*Warning: Contains an Amputee’s cursing thoughts*
Everything I write is based on my own experience. I cannot and do not want to talk for people with disabilities in general. Same applies to other amputees I cannot and do not want to talk for other amputees. This is just my personal account.
Last week, I’ve introduced my new series on being an Amputee. Before any questions arise, please read my last post.
This week, I want to start with a little story. A few years ago, I was working in retail to finance my studies and as everyone who worked in retail knows, it can be an interesting experience. If you want to have a get to know the human race in all its facets, go and work in the service sector for a while. You’ll be able to tell many, let’s say, interesting stories. On a rather quiet morning several summers ago, I was sitting behind the counter, serving customers. . It was spring and I was wearing a shirt with short sleeves so everyone passing by could see that I’m One-handed. Suddenly, I could see from the corner of my eye another customer running towards me. There are countless reasons why a customer might be running through a store. They might be in a hurry because they need to catch a bus, or maybe they’ve lost their child in the chaos. So I was preparing myself for something along the lines. When the customer was getting closer, I could see that he was rather enthusiastic if not excited. Upon approaching me, the customer was staring at my arm-stump and asked (and this were his actual words): “Whoa cool! Can I touch it???”
Even today I’m speechless about this event. In fact, I’ve blocked it out of my brain for months until a friend reminded me that also worked at that time with me in the same store. I’ve heard many insults in my life due to my disability (kids can be cruel). I’ve also gotten used to being stared at. However, never before and never after has someone treated me like a zoo attraction. Besides the obvious dehumanizing attitude said customer must’ve have towards disabled people, what on heaven, hell, and earth made him think that it might be a good idea to go over to a woman he has never seen before and ask her if he could touch her?! No I’m not a god damn Freakshow you could touch. Not even if you ask! Yes I look different, but I’m not here to entertain your curiosity. Trust me, even though my arm looks different, it still feels like any other arm made out of flesh and bone. You want to know why I am the way I am then feel free to ask. However, I’m not an exotic and weird animal. I understand that children might be a bit frightened, adults, however, should’ve learned that disabled people are human beings that deserve respect. Yes I get the curiosity. Call me narrow-minded, but that enthusiastic “whoa cool!” is just offensive.
Many family members have small children so I’ve noticed that children around the ages 2-4 realize for the first time that my right arm differs from the norm. They begin to show early stages of fear and I try all I can to show and explain them that there is no need to be afraid. I guess if a child never gets told that people with disabilities are people like everyone else, it seems that they grow up to adults that treat disabled people accordingly. Political correctness, however, is not always the best solution to teach children. Let me illustrate this point with another encounter I’ve had in retail.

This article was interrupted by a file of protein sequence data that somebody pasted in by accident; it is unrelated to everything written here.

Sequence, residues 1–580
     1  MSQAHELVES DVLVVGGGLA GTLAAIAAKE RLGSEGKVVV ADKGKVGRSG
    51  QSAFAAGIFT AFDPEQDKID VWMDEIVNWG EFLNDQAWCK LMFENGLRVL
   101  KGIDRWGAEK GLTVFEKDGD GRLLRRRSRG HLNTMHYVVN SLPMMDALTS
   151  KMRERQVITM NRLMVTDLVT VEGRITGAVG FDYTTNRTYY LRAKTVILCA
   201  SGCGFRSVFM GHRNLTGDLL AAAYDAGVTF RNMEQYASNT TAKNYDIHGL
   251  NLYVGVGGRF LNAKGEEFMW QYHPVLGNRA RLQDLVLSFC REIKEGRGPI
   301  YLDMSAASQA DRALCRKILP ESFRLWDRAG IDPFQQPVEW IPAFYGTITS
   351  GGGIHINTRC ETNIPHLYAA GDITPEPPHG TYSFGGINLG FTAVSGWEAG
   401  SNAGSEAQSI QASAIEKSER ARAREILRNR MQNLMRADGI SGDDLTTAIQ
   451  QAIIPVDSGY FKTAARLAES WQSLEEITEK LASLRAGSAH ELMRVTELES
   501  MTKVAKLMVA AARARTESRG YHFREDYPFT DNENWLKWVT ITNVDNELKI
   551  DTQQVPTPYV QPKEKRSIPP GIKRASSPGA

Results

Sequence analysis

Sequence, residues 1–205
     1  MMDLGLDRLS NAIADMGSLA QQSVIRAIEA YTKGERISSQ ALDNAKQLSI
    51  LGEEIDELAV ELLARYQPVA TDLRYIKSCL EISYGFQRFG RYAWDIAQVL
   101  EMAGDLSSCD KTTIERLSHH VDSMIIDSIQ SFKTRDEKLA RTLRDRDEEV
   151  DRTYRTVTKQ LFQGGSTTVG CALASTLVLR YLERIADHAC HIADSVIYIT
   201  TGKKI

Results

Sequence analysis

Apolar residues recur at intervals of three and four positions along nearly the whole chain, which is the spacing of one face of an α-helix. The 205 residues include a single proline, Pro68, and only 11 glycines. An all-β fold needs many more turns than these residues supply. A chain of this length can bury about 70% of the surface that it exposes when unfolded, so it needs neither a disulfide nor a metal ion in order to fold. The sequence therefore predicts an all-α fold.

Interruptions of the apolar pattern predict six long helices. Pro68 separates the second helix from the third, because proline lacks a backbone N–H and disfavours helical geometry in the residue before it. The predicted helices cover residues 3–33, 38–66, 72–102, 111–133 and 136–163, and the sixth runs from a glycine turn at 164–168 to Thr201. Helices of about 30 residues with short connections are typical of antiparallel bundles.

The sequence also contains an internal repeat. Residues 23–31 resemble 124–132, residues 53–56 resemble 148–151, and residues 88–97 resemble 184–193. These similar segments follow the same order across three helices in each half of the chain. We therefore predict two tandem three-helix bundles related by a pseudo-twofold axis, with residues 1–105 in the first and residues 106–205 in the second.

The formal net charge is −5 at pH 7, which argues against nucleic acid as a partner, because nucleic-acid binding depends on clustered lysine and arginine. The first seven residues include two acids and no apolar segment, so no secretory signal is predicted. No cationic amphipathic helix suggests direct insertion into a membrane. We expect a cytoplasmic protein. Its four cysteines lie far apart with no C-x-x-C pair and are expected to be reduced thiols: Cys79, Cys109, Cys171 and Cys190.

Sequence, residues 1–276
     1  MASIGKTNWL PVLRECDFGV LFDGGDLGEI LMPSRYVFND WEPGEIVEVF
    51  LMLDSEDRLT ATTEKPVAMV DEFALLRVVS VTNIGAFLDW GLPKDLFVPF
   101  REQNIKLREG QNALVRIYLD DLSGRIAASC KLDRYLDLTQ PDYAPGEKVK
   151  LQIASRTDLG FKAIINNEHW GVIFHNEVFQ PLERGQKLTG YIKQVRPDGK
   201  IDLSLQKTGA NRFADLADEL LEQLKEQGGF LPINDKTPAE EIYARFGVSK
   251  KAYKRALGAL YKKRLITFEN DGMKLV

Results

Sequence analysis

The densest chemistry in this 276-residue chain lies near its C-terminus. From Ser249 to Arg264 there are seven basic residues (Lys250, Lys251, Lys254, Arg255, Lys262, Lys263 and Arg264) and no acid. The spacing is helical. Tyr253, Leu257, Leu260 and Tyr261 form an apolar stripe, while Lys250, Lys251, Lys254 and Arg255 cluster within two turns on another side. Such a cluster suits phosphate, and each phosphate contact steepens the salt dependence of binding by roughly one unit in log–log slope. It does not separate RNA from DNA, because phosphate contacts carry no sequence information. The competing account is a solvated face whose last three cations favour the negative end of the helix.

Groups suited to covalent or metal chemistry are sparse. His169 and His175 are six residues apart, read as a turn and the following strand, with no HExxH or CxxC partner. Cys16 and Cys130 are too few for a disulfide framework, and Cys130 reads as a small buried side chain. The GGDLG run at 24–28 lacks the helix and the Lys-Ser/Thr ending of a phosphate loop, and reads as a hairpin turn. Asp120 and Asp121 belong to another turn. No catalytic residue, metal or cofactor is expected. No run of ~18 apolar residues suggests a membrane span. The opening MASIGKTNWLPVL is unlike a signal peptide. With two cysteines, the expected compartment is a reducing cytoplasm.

One day, on another rather quiet morning, a woman and her daughter were at my counter paying for their purchases. The daughter was around 10, I think. While her mother was perfectly polite and nice during the process, I could see that the girl was curious about my arm, constantly staring. Despite the staring, the girl was rather shy and polite as well. The mother was about to leave, but still standing at the counter, when the girl turned towards her mother and asked if it’s OK to ask me about my disability. I was impressed by the thoughtfulness and politeness of the little girl, and would’ve been glad to talk to her given the chance. I was not so impressed with her mother’s reaction. Instead of involving me into that conversation by either telling her daughter to ask me directly or to ask me on her daughter’s behalf. Instead, the woman turned towards her daughter, completely ignoring my existence, and says: “No, you can’t ask that, it’s not a polite thing to do”. Seconds later they left and I was stunned. Since when is my opinion about my body not important!? Since when is political correctness more important than an honest conversation!? Yes, political correctness is a way to avoid people being insulted. However, many abuse political correctness to avoid talking about uncomfortable issues. Others are politically correct, not because they genuinely care about others and don’t want to insult or hurt them, but because they know that not being politically correct is socially unacceptable and they want to keep their own butts out of trouble.
Human interaction can be complex enough when the other person is in many regards just like you. When the other person differs from you and you are not sure how to interact with the other person, a normal conversation can feel like a walk through a minefield. I can’t give a summarizing moral of the day. Sometimes nurture plays a role how the other is treated, sometimes more complex issues are a contributing factor. I guess when in doubt, just treat the other how you wanted to be treated.